Animals

Adorable Rodent Returns From Extinction, and It’s the First Time We’d Cuddle a Rat

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Thought to have been extinct for the last 30 years, the adorably furry San Quintín kangaroo rat has made a surprising comeback in the Mexican desert that is making us cheer and go “Awww” all at once (and it’s probably the only time you’ll hear us say that about a rat!).

The Mexican government declared the San Quintín kangaroo rat critically endangered (and possibly extinct) in 1994. According to researchers at the San Diego Natural History Museum, the little things haven’t been seen hopping around since 1986. We can only imagine how excited the museum’s mammalogist Scott Tremor, research associate Sula Vanderplank, and senior researcher Eric Mellink of the Center for Scientific Research and Higher Education of Ensenada must have been when they accidentally came across not one, but four of the sweet little rodents. The team found the long-presumed vanished rats last July, and have only made their reappearance known this year.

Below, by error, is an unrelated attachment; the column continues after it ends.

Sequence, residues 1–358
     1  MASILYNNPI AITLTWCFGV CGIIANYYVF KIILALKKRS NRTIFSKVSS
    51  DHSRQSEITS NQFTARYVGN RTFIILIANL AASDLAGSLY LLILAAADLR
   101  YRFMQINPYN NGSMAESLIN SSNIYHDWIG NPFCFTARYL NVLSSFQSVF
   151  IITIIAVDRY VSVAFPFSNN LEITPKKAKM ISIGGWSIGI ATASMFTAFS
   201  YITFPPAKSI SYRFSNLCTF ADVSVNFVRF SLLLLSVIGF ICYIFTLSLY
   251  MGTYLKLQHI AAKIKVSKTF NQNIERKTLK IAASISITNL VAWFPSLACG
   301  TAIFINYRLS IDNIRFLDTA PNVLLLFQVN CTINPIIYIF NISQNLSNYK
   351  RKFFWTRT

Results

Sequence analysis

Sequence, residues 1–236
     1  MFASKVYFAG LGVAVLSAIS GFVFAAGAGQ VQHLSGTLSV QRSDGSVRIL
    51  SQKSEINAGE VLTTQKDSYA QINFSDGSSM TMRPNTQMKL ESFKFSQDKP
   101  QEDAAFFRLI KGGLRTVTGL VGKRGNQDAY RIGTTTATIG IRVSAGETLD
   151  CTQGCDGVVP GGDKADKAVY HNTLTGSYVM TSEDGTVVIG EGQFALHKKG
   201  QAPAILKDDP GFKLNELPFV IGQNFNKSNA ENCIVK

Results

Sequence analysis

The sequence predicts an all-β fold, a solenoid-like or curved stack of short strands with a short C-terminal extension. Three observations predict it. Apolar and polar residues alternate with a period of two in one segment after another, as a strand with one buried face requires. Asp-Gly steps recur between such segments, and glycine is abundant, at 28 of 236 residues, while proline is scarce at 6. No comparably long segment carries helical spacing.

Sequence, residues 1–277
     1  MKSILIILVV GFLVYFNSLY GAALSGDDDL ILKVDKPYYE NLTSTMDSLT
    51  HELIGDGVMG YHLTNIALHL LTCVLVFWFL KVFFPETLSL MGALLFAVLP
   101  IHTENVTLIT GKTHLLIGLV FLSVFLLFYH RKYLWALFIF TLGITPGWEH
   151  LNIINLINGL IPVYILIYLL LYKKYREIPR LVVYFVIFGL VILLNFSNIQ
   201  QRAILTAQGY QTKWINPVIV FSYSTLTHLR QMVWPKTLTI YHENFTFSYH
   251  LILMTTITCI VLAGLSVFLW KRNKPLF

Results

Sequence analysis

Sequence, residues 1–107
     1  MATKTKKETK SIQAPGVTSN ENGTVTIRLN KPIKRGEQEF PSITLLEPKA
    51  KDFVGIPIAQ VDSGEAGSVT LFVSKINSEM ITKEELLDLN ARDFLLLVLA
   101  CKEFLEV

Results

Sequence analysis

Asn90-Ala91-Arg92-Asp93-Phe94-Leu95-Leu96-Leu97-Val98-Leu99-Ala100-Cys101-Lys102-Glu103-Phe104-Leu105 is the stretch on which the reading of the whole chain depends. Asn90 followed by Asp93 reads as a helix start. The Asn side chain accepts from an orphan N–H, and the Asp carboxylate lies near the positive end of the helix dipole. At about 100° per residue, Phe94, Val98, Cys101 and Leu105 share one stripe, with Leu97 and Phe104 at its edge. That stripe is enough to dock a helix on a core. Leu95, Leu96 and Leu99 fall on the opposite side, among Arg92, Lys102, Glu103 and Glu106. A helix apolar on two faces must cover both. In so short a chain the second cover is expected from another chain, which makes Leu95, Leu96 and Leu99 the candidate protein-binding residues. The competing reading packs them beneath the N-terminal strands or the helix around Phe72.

“It’s not unlike the feeling of being a child discovering something new… a child who discovers the world around him or her and is amazed by its wonders,” the researchers wrote in a blog post on the San Diego Natural History Museum website.

Unlike the small house rodents and field mice you’re probably used to seeing in the wintertime, the San Quintín kangaroo rat has two strong hind legs (like a kangaroo) and a long tail with a fluffy little tuft at the end. These tiny creature’s hind legs are so strong, they have the ability to jump more than six feet at a time, according to Sciencemag.org.

A fact sheet from the museum adds that, besides being adorable, these little guys are larger than other kangaroo rats in the region. They’re also a bit feisty: Tremor said he was surprised that the cute creature could kick its way out of his grasp.

Kangaroo rat

(Photo Credit: San Diego Natural History Museum)

“Not only is this discovery a perfect example of the importance of good old-fashioned natural history field work, but we have the opportunity to develop a conservation plan based on our findings,” Tremor said in a museum press release. “The ability to take our research and turn it into tangible conservation efforts is thrilling.”

Kangaroo rat

(Photo Credit: San Diego Natural History Museum)

In hopes of keeping the little fighters around, the team is working hand-in-hand with local organizations to come up with a foolproof conservation plan. We’re so happy that the kangaroo rats, with their long tails and teeny paws, will be able to mate and repopulate the area for years to come.

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